small portion of the season.
Dr. G. M. Levette, of Indianapolis, has been engaged to collect
information on the natural history of the State, and otherwise assist in
the laboratory, office, and field work, and I take pleasure in
acknowledging the valuable aid which the geological department has
received from his labors.
Dr. Rufus Haymond, of Brookville, Franklin county, Indiana, was
employed to make a survey and report on Franklin county. Although
neither valuable metaliferous ores nor coal are to be found in this
county, the law contemplates a complete survey of the entire State, and
it was therefore deemed necessary to pay some attention to the resources
of such counties as well as those more favored with mineral wealth.
Franklin county was selected on account of being the home of the
assistant, who was thus enabled to accomplish the same amount of work at
a less cost than if sent to some distant county.
Prof. Frank H. Bradley, late of Hanover College, Ind., was engaged to
make a survey of Vermillion county, he having previously acquired an
extensive knowledge of the geology of that county from examinations made
while surveying the adjoining counties in the State of Illinois.
The reports of these gentlemen are herewith respectfully submitted.
My first desire, on commencing the survey of the State, was to
confine my own researches in the field, this season, to Clay and Greene
counties, on account of the large amount of capital invested in mineral
lands and blast-furnaces within their limits. But the great interest
manifested, and intense excitement which continues to prevail in the
country with regard to the developments of the iron-smelting coal known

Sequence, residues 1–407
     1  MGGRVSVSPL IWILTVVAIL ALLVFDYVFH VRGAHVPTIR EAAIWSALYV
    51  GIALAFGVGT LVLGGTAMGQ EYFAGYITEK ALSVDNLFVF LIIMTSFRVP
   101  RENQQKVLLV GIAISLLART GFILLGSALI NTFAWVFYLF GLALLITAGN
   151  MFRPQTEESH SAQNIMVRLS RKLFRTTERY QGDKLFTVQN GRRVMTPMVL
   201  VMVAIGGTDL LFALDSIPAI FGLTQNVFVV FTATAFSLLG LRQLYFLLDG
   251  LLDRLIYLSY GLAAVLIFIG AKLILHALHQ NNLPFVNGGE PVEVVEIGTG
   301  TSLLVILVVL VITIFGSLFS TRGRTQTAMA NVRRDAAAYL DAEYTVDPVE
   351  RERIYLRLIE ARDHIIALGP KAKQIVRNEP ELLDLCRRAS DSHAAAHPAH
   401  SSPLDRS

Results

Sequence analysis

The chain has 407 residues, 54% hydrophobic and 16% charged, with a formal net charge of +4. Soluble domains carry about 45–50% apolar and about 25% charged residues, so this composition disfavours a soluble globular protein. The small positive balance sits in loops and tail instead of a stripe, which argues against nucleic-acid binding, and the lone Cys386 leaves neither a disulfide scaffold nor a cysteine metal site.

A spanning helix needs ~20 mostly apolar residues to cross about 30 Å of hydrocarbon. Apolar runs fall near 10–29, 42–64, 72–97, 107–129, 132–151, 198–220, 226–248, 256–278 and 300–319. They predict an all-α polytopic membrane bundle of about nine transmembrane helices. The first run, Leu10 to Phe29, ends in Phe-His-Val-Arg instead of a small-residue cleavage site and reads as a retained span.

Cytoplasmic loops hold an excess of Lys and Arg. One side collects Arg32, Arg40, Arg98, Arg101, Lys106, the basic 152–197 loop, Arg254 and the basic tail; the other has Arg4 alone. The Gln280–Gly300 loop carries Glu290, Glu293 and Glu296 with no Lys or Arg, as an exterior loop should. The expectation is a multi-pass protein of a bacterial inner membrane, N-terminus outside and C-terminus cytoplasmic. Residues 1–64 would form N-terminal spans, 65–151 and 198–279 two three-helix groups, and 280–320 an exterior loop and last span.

as "block-coal," subsequently determined me to push my investigations to
the northern limits of the coal field in Warren county.
On my first visit to Brazil, in Clay county, the general impression
seemed to prevail that the peculiar variety of coal familiarly known as
"block coal," or "Brazil coal," was confined to a small
basin, isolated from the great bitu-
minous coal fields of Indiana and Illinois, and limited to an area of a
few square miles.
Indeed I found, at Brazil, those who were presuming enough to stand
in the door of Rigby's Hotel and point out to me the extreme limits of
the "Block coal" field in every direction. Of the fallacy of this
prevailing opinion, regarding the coal fields of Indiana, I felt it to be
my first duty to disabuse the public mind, and to do so it became
necessary to extend the line of observations beyond the bounds first laid
down. By thus increasing the field of labor, the survey of Clay and
Greene counties has not been made as thorough as desirable, but on the
other hand, from the fact that splint, or "block coal," has been traced
from the southern limits of Greene county to Warren county on the north,
a more extended knowledge of the iron-smelting coal has been acquired,
and the mining and manufacturing interests of the State has been more